Notice that JDub’s double coincides with his teammate Cason Wallace (x3 in the diagram below) “helping the helper”: i.e., preventing a pass to JDub’s original matchup (4 in the diagram) cutting to the weakside box:

It’s imperative for the on-ball and help defender to form an upper-case L (some coaches prefer using the letter “T”): x5 blocks the middle, x4 blocks a baseline spin, and they are close enough together so that 5 can’t split their double team.

N.B. If every defense operated identically, basketball would be boring (although writing these entries would be easier). This entry discusses post doubles in which the on-ball defender denies middle and the second defender denies baseline, but some teams do the opposite: the post defender plays straight up and denies baseline while low man traps by taking away the middle. Whichever strategy is used, the two trapping defenders must be on the same page.

In the past decade or two, doubling from the bottom became increasingly popular (uncoincidentally, so did no-middle defensive schemes). But offenses also became better at countering doubling from the bottom. Through innoventive scheme and Serbian wizardry, Denver’s Nikola Jokic is infamous for using lobs and other passes to punish doubling from the bottom — as his no-look assist to Aaron Gordon does here after Gordon’s original defender, New York’s Julius Randle, traps from the baseline:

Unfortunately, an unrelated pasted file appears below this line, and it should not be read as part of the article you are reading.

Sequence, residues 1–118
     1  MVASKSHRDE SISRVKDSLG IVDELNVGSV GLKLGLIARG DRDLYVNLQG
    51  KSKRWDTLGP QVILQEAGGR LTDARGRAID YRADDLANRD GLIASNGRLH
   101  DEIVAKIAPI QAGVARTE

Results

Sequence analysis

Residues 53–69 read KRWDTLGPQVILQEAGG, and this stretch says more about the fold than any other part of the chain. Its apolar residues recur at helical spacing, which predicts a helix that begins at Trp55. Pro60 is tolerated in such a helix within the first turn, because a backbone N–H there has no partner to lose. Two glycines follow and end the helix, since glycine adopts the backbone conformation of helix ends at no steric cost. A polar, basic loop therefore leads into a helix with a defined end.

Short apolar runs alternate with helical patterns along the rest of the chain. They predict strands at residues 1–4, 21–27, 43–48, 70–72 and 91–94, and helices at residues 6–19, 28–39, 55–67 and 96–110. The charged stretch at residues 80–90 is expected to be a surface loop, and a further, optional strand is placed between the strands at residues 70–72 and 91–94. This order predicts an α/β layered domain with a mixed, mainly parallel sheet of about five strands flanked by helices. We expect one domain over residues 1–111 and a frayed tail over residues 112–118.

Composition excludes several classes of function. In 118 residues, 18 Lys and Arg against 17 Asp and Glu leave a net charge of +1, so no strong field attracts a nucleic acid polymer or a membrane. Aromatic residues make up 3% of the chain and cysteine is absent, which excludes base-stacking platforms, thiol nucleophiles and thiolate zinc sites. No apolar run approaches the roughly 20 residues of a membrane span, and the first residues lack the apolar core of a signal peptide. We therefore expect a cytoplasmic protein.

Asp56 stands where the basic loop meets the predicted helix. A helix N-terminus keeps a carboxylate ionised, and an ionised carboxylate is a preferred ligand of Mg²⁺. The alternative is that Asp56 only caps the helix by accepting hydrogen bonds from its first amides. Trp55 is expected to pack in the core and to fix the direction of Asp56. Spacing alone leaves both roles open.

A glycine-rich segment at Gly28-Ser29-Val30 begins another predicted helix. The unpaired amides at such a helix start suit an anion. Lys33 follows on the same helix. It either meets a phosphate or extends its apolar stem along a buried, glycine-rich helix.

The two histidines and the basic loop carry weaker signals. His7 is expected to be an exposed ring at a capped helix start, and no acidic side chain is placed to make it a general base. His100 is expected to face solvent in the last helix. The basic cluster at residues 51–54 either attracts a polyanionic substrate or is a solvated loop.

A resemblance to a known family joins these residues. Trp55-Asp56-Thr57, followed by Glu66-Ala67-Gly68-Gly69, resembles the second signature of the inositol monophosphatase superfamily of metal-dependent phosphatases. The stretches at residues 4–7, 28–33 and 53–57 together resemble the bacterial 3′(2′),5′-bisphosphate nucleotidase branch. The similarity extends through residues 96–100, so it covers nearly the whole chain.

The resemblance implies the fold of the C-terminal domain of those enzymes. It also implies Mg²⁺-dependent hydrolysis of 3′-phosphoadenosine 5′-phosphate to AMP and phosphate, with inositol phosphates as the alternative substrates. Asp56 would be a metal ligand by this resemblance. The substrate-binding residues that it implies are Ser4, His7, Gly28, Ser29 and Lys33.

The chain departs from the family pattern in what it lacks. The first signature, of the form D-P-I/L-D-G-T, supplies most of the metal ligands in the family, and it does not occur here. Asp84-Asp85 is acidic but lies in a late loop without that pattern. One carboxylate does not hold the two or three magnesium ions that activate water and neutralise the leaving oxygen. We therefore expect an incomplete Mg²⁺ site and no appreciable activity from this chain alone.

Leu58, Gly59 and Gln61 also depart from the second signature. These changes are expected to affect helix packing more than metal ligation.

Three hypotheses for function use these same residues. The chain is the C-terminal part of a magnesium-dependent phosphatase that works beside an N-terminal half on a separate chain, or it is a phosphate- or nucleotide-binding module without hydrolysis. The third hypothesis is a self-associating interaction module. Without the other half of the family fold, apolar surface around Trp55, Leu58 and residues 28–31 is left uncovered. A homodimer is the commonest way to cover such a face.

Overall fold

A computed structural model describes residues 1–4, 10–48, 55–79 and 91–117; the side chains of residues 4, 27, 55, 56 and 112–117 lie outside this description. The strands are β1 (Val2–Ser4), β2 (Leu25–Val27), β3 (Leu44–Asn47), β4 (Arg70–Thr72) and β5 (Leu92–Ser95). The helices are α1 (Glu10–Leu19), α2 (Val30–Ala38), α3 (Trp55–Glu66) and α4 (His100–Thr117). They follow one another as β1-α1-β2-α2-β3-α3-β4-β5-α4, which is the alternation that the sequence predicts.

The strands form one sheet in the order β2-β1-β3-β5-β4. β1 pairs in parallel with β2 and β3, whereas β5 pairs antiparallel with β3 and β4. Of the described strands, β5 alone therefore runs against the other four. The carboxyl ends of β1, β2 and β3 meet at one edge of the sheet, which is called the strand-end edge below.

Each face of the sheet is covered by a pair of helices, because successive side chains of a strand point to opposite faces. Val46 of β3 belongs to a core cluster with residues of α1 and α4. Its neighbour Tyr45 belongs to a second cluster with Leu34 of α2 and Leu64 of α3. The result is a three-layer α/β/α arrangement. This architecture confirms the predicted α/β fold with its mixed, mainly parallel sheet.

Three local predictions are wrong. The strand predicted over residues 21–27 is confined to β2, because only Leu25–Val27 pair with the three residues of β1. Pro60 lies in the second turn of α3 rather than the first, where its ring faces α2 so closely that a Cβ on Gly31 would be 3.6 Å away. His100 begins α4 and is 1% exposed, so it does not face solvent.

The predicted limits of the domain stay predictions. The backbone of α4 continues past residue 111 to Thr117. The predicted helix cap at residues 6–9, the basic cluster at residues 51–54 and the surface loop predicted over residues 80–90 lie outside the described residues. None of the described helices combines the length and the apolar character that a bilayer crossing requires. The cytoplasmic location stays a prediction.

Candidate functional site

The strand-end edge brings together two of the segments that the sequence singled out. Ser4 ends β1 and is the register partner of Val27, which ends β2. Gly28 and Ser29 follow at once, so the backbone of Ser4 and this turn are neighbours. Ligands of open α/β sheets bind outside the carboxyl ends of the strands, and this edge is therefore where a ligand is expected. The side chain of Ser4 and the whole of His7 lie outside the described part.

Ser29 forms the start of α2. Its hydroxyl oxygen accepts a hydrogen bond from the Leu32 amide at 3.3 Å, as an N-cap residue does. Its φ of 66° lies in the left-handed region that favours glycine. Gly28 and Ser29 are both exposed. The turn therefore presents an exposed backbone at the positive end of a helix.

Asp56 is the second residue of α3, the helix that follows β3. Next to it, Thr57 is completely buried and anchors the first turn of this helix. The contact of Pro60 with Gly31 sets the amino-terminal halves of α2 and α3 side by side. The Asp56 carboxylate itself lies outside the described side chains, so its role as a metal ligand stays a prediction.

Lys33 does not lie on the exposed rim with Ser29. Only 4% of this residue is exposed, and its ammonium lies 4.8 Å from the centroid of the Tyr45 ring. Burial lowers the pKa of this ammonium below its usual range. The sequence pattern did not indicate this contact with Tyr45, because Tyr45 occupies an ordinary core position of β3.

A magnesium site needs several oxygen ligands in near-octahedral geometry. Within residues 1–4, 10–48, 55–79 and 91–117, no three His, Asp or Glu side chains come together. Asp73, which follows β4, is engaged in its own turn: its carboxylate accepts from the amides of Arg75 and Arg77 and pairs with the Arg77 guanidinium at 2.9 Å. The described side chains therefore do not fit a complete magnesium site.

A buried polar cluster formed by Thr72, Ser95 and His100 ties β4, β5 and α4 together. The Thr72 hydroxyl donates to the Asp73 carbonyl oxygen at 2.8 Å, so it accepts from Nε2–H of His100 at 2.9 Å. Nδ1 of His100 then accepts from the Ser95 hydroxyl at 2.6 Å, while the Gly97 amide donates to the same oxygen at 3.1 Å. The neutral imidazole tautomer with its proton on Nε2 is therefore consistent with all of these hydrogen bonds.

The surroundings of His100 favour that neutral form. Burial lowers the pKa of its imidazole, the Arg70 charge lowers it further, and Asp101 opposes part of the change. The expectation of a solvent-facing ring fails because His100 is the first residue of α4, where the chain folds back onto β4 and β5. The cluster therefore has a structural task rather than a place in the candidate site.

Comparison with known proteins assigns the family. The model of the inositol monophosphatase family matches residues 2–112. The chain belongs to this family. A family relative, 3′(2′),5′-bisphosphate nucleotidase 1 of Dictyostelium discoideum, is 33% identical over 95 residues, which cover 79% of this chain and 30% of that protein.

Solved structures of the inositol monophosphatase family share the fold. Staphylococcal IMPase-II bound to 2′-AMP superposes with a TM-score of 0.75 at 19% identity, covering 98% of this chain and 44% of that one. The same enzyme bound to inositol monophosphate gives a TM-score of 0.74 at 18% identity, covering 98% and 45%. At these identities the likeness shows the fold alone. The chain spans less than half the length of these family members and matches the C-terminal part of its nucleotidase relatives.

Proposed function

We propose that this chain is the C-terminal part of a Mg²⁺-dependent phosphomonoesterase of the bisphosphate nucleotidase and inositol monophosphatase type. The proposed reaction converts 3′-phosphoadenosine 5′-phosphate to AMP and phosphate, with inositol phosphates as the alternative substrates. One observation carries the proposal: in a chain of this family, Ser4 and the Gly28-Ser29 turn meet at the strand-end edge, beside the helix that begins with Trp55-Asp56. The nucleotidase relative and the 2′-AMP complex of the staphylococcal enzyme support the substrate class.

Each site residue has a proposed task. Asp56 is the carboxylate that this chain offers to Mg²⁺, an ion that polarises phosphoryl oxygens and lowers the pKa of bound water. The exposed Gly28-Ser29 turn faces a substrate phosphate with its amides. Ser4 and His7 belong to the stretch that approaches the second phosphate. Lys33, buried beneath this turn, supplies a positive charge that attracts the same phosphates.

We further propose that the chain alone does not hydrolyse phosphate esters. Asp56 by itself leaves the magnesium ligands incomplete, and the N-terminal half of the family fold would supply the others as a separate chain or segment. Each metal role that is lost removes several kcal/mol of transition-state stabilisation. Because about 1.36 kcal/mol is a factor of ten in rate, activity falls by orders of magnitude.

(Basketball Action Dictionary completionists may like to know that Jokic’s post-up was directly preceded by a wedge screen and that Reggie Jackson follows his pass to Jokic with a high Laker cut — which would have given Jackson an open layup if his defender trapped Jokic, a type of double team that will be discussed in a future post.)

Doubling from the bottom works primarily when the post player has his back to the basket—and, as a result, his back to the help defender. In those instances, the post player is both surprised by the trap and a step slower at finding the open teammate.